Dangerous electrolytes – part 2


Category : Acid-Base & Lytes, Attending Rounds

Reviewing the patient thus far:


The patient, a 40-something year old woman, has a long history of alcohol abuse.  Recently she has had minimal oral intake with much vomiting.  BP 100/60, pulse 120

120 67 32 99
1.9 21 0.7  8.9


pH 7.6
pCO2 26
pO2 100
HCO3 21


Your job is to identify all the abnormalities in this panel, and suggest the sequence of events most likely to result in these numbers.  What other information do you want?  

Three respondents did a great job describing the acid-base disorder.  

  1. The anion gap equals 32, thereby by definition the patient has an increased anion gap metabolic acidosis.
  2. The delta gap equals 21, thereby the revealed bicarbonate is 42, supporting an underlying metabolic alkalosis. 
  3. These two metabolic problems fit the story perfectly.  The patient had both positive ketones and a mildly elevated lactic acid level.  We expected a metabolic alkalosis with persistent vomiting.  The hypokalemia fits the clinical picture perfectly.
  4. Using the Winter's equation, one also finds a respiratory alkalosis.  Clinically, we felt that the respiratory alkalosis resulted from the hypotension and alcohol withdrawal.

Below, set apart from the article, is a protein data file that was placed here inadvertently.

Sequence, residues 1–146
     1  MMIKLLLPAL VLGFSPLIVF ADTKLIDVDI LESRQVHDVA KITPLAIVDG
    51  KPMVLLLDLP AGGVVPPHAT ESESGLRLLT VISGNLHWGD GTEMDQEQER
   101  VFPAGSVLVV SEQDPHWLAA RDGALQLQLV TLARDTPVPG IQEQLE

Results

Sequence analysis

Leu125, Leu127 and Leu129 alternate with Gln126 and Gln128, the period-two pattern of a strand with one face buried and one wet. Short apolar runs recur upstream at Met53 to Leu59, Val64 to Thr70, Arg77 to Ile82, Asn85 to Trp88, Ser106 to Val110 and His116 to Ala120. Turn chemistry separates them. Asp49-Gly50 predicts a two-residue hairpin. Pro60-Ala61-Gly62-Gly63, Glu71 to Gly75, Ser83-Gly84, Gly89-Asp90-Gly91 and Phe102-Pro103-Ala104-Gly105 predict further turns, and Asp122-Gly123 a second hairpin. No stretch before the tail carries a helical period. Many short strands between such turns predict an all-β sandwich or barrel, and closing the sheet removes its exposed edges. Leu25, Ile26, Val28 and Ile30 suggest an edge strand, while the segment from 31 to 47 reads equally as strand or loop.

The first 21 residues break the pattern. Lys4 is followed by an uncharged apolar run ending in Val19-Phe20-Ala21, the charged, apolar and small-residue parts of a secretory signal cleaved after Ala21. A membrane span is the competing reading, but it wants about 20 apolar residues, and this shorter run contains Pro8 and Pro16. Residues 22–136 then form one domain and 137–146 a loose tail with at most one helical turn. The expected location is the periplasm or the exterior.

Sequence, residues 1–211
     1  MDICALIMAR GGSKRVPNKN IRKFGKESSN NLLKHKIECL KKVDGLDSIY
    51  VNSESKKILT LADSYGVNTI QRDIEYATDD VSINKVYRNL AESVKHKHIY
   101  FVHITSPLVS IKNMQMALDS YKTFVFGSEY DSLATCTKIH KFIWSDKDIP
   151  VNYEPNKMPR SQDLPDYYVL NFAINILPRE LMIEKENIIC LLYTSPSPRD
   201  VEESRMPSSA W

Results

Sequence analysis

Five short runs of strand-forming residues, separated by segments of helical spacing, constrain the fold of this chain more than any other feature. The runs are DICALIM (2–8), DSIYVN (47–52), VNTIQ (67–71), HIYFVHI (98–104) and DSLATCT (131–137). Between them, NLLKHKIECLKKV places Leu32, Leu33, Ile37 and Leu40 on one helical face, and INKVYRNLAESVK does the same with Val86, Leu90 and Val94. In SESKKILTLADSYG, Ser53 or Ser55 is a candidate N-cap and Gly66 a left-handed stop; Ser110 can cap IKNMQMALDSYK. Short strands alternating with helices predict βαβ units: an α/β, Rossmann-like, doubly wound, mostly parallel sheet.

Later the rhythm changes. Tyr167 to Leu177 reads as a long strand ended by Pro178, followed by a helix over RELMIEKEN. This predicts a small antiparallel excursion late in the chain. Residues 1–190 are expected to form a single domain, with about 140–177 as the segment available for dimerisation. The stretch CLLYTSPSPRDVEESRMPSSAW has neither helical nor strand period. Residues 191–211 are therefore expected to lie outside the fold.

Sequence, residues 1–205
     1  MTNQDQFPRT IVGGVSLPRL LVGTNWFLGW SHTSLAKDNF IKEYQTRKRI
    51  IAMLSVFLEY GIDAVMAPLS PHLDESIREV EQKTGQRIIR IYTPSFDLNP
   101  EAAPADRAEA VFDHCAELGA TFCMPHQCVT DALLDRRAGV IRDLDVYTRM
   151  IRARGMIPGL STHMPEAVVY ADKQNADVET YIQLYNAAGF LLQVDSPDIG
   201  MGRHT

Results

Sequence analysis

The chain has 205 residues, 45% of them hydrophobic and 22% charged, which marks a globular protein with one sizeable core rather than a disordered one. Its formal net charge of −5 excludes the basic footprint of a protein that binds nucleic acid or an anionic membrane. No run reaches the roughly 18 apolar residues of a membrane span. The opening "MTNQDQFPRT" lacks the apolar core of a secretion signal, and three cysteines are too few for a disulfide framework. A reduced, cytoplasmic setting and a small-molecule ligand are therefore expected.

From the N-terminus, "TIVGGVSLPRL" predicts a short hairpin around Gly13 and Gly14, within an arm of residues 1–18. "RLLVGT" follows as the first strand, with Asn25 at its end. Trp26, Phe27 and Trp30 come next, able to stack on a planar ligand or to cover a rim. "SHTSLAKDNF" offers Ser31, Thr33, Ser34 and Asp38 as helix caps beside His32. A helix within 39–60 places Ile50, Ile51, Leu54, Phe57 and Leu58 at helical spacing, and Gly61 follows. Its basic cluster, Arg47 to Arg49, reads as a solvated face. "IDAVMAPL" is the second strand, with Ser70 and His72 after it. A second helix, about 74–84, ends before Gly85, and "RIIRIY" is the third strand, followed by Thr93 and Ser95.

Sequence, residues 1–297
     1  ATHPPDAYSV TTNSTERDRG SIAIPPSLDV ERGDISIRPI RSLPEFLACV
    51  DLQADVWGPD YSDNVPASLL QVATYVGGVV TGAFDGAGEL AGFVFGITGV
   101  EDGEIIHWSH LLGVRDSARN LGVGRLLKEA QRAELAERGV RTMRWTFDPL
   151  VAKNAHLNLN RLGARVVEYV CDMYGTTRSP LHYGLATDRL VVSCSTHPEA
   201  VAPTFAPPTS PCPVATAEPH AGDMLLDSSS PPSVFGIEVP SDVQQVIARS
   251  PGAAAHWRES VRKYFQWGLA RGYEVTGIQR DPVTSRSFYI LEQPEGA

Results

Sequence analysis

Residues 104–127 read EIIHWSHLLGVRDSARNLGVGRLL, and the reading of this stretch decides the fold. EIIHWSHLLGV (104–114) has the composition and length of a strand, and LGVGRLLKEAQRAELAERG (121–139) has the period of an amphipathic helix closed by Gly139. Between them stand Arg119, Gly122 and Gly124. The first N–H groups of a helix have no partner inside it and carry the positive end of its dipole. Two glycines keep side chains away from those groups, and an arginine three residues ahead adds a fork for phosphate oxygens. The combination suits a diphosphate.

5. All the acid-base abnormalities resolved over the next few days.

Now the electrolytes are really the point of this presentation.  The patient has hyponatremia, likely secondary to volume contraction.  Her serum osm = 259 with urine osm = 411.

She had hypokalemia secondary to vomiting.  We confirmed that vomiting was the cause with urine electrolytes. Urine Na < 10, Cl < 10, K = 45

We also checked Mg, normal at 2.5 and PO4 – very low at 0.7.

What are the risks of the severe hypophosphatemia, and how would that abnormality impact your treatment plan?  Also speculate why her initial PO4 was so low.


Comments (3)

I' m going to say her phosphate was low because of chronic alcoholism and lack of dietary intake but someone may inform me of some esoteric reason it may also exist in this patient.
I would point out one thing – The patient has hyponatremia, likely secondary to volume contraction. 
Technically this is inaccurate. The patient is indeed volume contracted based on history, physical and discrepancy of serum and urine osmols (the patient is protecting volume at the expense of tonicity) and some component of this is probably due to ADH secretion as a means of protecting volume. But hyponatremia means intravascular free water is high and says nothing about total body sodium which is low here (from vomiting and lack of intake). Absent a primary ADH disorder, this patient is hyponatremic because whatever fluid she is taking in (and she is almost certainly taking some liquid of some sort- few volume contracted patients who can drink fail to do so), is hypotonic. In all likelihood she is thirsty and drinking water. Without adequate sodium replacement it is the equivalent of giving her D5 W, without the D of course. Beer and alcoholic beverages mixed with water are also hypotonic so that remains a possibility.